Group wants popular birth control device removed from market


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Group wants popular birth control device removed from market

By Darcy Spears. CREATED Nov 7, 2013

Las Vegas, NV (KTNV) -- It's supposed to prevent unwanted pregnancy, but at what cost to a woman's health? Thousands of women across the country are reporting serious side effects and severe pain after using a popular birth control device called Essure.

A group of local women told Action News their bodies are being jeopardized and they've got nowhere else to turn.

"I went and saw all these doctors. It consumed my life," said Jenny Taffel, who had the procedure in 2010.

Indi Kaufman had Essure implanted in 2011, "I had to go through so much for it finally to be discovered what was wrong."

Victoria Jones and Idalia Duenes were also in our group interview.

"Nobody understood the pain I was going through daily," explained Kaufman.

The four women in the group share similar symptoms.

"Having to have migraines," said Duenes. "Having to have severe back pain. Pelvic pain."

"My stomach started protruding abnormally," recalled Taffel.

Each of the patients told Contact 13 they put up with the symptoms for years after having the birth control device Essure placed in their bodies. But their doctors were not making a connection between the problems and Essure.

"It's unbearable some days. But you got to keep pushing for your children. You can't let them hear you say, 'I'm in too much pain to play with you right now.' So you just go through it," said Jones.

Essure was approved by the Food and Drug Administration in 2002. It is a flexible coil inserted into the Fallopian tubes. In about three months, scar tissue develops around the coil, creating a barrier between sperm and eggs. It's the only non-surgical sterilization choice for women who want permanent birth control.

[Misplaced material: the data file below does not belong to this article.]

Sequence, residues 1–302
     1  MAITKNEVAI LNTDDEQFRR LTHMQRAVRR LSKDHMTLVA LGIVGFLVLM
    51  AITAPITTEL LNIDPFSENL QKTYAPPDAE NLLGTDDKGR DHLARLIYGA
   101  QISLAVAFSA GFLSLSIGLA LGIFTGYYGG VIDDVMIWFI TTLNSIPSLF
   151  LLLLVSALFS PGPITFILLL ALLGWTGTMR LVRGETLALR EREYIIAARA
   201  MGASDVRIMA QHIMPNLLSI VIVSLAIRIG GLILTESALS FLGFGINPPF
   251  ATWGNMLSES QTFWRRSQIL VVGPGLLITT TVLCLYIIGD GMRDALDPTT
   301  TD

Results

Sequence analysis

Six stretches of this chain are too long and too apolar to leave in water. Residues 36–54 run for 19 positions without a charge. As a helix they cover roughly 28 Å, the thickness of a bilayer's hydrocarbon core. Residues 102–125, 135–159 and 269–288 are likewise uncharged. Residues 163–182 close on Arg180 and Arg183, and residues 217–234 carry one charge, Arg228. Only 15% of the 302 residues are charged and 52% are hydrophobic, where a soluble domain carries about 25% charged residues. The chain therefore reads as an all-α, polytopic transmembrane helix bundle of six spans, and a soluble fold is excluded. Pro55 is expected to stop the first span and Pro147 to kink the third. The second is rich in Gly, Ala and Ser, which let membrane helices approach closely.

Essure's brochure describes the procedure as surgery-free, hormone-free, anesthesia-free and worry-free.

Darcy Spears asked the group of women how the procedure was presented to them, "Was this a matter of trusting your doctor for all of you? Nobody raised any red flags? Gave you any warnings? This was supposed to be easy as pie?"

The entire group agreed with, "Yes."

For Jones, who had Essure implants in 2010, regrets her decision, "I have to lay down in the middle of cooking dinner because I'm in so much pain."

Taffel tried for years to figure out what was wrong with her, "Your body's taken over. It's like you don't own your own body anymore."

She went back to her doctor and was referred to a gastroenterologist. Eventually she got an ultrasound, "That's when they found that my coil had migrated into my uterus and cervix."

She ended up having a hysterectomy.

Kaufman had a similar experience. She eventually had surgery to take the coils out, "The doctor told me it was perforating my intestines and my bowels. So that's why I was having the tremendous pain that I was having daily."

Adverse event reports filed with the USDA, document 116 instances of the coils dislodging and ending up where they're not supposed to be.

When Darcy asked, "There's no doubt in your mind that what you went through was directly a result of this device?" Tafel answered, "No. No doubt."

According to the FDA, there have been some 750,000 Essure procedures performed worldwide. Though it's considered high risk, they believe the benefits outweigh the risks.

From 2002 through October 2013, the FDA has received 943 adverse event reports related to Essure. They range from pain, hemorrhage and headache, to miscarriages, internal injuries and hospitalizations. Click here to search the reports yourself.

Many women are speaking out and joining forces over their Essure experiences.

One Facebook group, Essure Problems, started in 2012 and now has more than 3,000 members who call themselves "e-sisters."

The women in our group from the Las Vegas Valley are sharing their stories in hopes other women will be better informed. They also want to see Essure removed from the market.

They also said they are frustrated and feel few in the medial profession are listening.

When Contact 13 asked for a statement from the FDA, they sent a written statement:

The FDA conducted a search of the Manufacturer and User Facility Device Experience (MAUDE) database. From Nov. 4, 2002, Essure’s approval date, through Oct. 25, 2013, the FDA received 943 reports of adverse events related to Essure. The most frequently reported adverse events were pain (606), hemorrhage (140), headache (130), menstrual irregularities (95), fatigue (88), and weight fluctuations (77). The most frequent device problems reported were the migration of the device or device component (116), patient device incompatibility (113) (e.g., possible nickel allergy), device operating differently than expected (73), malposition of the device (46), and device breakage (37).